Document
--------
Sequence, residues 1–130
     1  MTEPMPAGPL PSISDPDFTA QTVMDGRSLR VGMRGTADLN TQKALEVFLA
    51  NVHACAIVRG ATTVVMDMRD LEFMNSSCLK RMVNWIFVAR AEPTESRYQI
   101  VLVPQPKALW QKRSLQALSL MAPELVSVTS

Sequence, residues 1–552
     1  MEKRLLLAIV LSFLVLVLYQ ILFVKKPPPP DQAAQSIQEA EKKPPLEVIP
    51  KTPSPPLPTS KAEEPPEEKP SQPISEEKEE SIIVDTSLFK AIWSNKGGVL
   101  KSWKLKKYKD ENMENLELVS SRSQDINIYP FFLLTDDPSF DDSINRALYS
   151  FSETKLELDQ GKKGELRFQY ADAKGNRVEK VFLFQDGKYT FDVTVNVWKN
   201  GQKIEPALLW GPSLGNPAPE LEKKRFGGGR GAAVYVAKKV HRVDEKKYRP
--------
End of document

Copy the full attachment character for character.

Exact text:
Sequence, residues 1–130
     1  MTEPMPAGPL PSISDPDFTA QTVMDGRSLR VGMRGTADLN TQKALEVFLA
    51  NVHACAIVRG ATTVVMDMRD LEFMNSSCLK RMVNWIFVAR AEPTESRYQI
   101  VLVPQPKALW QKRSLQALSL MAPELVSVTS

Sequence, residues 1–552
     1  MEKRLLLAIV LSFLVLVLYQ ILFVKKPPPP DQAAQSIQEA EKKPPLEVIP
    51  KTPSPPLPTS KAEEPPEEKP SQPISEEKEE SIIVDTSLFK AIWSNKGGVL
   101  KSWKLKKYKD ENMENLELVS SRSQDINIYP FFLLTDDPSF DDSINRALYS
   151  FSETKLELDQ GKKGELRFQY ADAKGNRVEK VFLFQDGKYT FDVTVNVWKN
   201  GQKIEPALLW GPSLGNPAPE LEKKRFGGGR GAAVYVAKKV HRVDEKKYRP